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This article is the author’s final published version in Sensors, Volume 21, Issue 20, October 2021, Article number 6871.

The published version is available at Copyright © Malena et al.


The use of microwave technology is currently under investigation for non-invasive estimation of glycemia in patients with diabetes. Due to their construction, metamaterial (MTM)-based sensors have the potential to provide higher sensitivity of the phase shift of the S21 parameter (∠S21 ) to changes in glucose concentration compared to standard microstrip transmission line (MSTL)-based sensors. In this study, a MSTL sensor and three MTM sensors with 5, 7, and 9 MTM unit cells are exposed to liquid phantoms with different dielectric properties mimicking a change in blood glucose concentration from 0 to 14 mmol/L. Numerical models were created for the individual experiments, and the calculated S-parameters show good agreement with experimental results, expressed by the maximum relative error of 8.89% and 0.96% at a frequency of 1.99 GHz for MSTL and MTM sensor with nine unit cells, respectively. MTM sensors with an increasing number of cells show higher sensitivity of 0.62◦ per mmol/L and unit cell to blood glucose concentration as measured by changes in ∠S21 . In accordance with the numerical simulations, the MTM sensor with nine unit cells showed the highest sensitivity of the sensors proposed by us, with an average of 3.66◦ per mmol/L at a frequency of 1.99 GHz, compared to only 0.48◦ per mmol/L for the MSTL sensor. The multi-cell MTM sensor has the potential to proceed with evaluation of human blood samples.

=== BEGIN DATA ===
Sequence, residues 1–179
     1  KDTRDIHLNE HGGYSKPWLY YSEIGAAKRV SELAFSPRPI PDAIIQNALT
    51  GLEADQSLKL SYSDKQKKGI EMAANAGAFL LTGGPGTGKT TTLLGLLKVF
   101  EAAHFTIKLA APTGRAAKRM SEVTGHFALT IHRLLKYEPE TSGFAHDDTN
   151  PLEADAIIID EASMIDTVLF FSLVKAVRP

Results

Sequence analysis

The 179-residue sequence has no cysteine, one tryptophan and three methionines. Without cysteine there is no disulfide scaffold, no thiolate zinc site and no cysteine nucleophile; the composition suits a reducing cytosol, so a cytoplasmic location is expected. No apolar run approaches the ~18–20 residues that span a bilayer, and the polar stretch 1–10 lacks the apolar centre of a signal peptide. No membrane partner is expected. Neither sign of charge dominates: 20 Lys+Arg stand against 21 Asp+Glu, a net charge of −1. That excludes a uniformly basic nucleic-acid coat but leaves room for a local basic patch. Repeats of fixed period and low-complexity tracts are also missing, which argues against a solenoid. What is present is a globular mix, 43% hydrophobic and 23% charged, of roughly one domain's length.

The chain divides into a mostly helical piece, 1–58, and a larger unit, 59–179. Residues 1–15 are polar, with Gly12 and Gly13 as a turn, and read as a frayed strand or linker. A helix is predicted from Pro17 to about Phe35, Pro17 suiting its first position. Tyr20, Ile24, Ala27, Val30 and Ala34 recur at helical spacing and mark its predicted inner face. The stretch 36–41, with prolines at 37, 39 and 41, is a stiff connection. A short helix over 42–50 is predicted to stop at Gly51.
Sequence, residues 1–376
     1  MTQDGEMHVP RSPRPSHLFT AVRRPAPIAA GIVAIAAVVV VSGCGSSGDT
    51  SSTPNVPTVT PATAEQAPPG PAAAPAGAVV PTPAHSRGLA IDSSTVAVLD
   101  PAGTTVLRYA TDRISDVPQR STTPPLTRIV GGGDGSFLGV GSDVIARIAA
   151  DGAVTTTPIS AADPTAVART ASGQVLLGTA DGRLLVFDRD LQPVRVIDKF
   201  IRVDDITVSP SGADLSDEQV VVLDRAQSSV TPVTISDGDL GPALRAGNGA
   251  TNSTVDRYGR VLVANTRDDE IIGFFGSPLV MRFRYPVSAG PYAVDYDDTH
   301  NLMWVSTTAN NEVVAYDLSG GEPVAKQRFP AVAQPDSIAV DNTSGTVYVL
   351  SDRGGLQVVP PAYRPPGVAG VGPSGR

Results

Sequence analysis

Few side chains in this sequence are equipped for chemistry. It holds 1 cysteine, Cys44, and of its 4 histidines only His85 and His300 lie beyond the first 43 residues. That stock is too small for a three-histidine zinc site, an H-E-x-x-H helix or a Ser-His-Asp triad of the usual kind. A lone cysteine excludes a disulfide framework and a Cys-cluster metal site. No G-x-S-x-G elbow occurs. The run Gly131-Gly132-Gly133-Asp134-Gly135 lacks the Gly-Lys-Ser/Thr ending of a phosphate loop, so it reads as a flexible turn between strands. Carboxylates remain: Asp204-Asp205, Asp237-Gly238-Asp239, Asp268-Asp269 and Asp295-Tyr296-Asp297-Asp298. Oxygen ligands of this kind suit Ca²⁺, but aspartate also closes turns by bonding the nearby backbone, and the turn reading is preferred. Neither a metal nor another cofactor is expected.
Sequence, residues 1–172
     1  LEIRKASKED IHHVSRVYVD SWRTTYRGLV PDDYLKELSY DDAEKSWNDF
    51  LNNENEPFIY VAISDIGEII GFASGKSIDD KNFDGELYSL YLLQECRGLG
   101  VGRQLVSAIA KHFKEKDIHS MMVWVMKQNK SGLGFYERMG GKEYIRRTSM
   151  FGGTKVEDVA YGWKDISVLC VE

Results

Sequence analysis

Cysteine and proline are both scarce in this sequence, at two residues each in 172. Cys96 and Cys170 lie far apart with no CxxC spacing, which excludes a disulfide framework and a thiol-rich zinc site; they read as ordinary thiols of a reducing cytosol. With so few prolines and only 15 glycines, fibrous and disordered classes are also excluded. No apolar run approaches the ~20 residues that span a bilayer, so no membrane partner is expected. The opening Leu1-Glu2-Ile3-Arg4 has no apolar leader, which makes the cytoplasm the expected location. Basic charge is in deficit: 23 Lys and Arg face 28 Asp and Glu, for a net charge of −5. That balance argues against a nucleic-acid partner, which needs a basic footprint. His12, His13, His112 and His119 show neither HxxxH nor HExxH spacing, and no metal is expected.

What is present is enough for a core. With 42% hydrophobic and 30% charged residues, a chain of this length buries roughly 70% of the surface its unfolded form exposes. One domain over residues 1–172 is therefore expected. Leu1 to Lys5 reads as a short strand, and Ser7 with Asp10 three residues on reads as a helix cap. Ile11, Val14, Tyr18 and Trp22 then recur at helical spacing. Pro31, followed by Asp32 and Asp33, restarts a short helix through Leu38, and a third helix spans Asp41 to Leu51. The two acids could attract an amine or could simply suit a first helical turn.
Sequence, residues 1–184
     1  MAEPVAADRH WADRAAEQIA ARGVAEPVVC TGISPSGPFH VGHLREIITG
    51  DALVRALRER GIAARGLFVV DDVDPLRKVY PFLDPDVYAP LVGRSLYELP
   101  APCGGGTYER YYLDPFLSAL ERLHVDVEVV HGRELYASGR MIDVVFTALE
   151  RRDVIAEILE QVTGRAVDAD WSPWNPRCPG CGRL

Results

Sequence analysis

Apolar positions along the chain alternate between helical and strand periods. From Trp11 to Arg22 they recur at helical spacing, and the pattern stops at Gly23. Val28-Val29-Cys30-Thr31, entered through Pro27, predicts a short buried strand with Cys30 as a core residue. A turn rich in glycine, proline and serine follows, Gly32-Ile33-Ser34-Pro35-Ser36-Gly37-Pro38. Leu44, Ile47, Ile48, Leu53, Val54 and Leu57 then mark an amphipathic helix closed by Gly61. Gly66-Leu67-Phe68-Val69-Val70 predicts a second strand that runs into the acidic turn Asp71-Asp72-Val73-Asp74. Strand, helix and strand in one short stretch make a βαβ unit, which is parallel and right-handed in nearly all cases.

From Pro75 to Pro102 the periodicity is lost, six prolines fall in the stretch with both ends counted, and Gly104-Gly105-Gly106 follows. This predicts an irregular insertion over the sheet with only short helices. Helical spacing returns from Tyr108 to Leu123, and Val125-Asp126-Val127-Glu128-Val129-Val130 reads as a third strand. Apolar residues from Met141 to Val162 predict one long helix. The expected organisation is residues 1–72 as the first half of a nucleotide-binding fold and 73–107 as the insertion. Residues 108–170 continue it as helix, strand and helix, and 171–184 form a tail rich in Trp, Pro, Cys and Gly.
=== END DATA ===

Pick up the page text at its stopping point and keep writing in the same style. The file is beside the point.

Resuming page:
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Creative Commons License
This work is licensed under a Creative Commons Attribution 4.0 License.

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